PrintPrintEmailEmailBales of cotton no longer accumulate along the riverbank, but a small fleet of stern-wheelers still serves the Memphis waterfront.

When the phone rang and I heard the familiar voice of an old family friend inviting me to visit him in his hometown of Memphis, I was intrigued. Born and raised in Tennessee, I have lived for more than twenty years in Philadelphia, and while my work as a historian has taken me many times to Europe and around much of the United States, I never had occasion to visit Memphis. To me, growing up in the shadow of Lookout Mountain in distant East Tennessee, Memphis, three hundred miles away on the mighty Mississippi, was as remote, as romantic, as exotic as Casablanca. It was a city of music and murder, of barbecue and the blues. And then, of course, there was Elvis. I had not intended to take a trip to Memphis before that phone call, but it was a summons I could not refuse. I spent three days in Memphis during that visit. That was five years ago, and ever since I keep finding new reasons to return.

I am not alone. From around the world thousands answer a summons to Memphis each year, making a pilgrimage to the shrines of a global cultural revolution that began in this sleepy Southern city nearly fifty years ago. It was in this provincial backwater on the Mississippi that the diverse currents of black blues up from the Delta, country from the hills of Tennessee and Arkansas, and gospel, both black and white, converged to create a uniquely American musical expression, rock ’n’ roll.

Why Memphis? How could this modest Tennessee city, a city so traditional that Peter Taylor could write, “We were not after all a genuine Memphis family. We had lived in Memphis only thirty years,” have been the site of such a momentous musical upheaval? Memphis has always been something of a mystery, a Southern sphinx, complete now with its own stainless steel pyramid, on “the American Nile.” Situated in the southwest corner of Tennessee, Memphis is to many, even in the Volunteer State, an enigma.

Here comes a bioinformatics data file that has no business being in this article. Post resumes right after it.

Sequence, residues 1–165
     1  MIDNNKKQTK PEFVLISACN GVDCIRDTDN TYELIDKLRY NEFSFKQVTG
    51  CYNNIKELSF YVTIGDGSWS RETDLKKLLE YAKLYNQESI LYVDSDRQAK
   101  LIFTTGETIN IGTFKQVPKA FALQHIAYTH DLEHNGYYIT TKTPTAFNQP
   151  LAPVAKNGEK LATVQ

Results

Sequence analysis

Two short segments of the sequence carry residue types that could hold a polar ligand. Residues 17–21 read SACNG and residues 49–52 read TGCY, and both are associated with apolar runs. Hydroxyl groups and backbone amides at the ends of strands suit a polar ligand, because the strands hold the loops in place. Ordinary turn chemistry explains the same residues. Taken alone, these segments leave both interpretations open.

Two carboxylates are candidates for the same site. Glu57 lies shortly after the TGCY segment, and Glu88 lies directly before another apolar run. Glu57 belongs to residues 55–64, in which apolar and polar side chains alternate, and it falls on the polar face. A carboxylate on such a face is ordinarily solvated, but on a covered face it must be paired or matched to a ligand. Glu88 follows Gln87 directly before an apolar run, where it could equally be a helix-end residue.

Certainly Memphis has hardly turned east, toward Nashville, Chattanooga, or Knoxville, for its identity. With no city or town of any size within two hundred miles in any direction, Memphis had emerged by the early twentieth century as the commercial and cultural capital of a vast agrarian region spanning the flatlands of West Tennessee, Arkansas, and, of course, the Mississippi Delta. Indeed, the Delta is said to begin in the lobby of the Peabody Hotel in downtown Memphis and end on Catfish Row in Vicksburg. From its earliest days the city would draw not only on the Delta’s vast agrarian richness but on its potent cultural heritage as well, exerting an almost magical pull on the Delta’s ambitious and desperate, both black and white. That attraction has been especially strong for musicians and writers. From W. C. Handy to B. B. King, from William Faulkner in nearby Oxford, Mississippi, to Tennessee Williams, Shelby Foote, Peter Taylor, Walker Percy, Alex Haley, and, most recently, John Grisham, Memphis would represent the Paris of the Deep South, the gateway to the wider world. For while Memphis was certainly steeped in the Deep South, the city looked upriver as well as down, not only to New Orleans but to St. Louis and Chicago and beyond. Indeed, from the time of its founding in the early nineteenth century, Memphis has stood at a cultural and social crossroads, an inland river city where cultures, rich and poor, black and white, urban and rural, Northern and Southern, did not so much converge as collide.

River City

The first of those powerful collisions occurred more than four centuries ago, when Hernando de Soto reached the site of present-day Memphis and claimed it for the kingdom of Spain. The Majestic bluff where de Soto stood (or may have stood: arguments abound) on that day in 1541 and scanned the broad river nearly a hundred feet below had served for centuries as a camp for the Chickasaw nation. De Soto and his restless band of explorers quickly moved on, but in the late seventeenth century the French explorer La Salle laid claim to the entire Mississippi Valley for Louis XIV, and in 1739 the French constructed a fort on what had become known as the fourth Chickasaw bluff. Later in the century the Spanish returned, displaced the French, and built their own Fort San Fernando on the site, before the Americans, in turn, drove them across the Mississippi.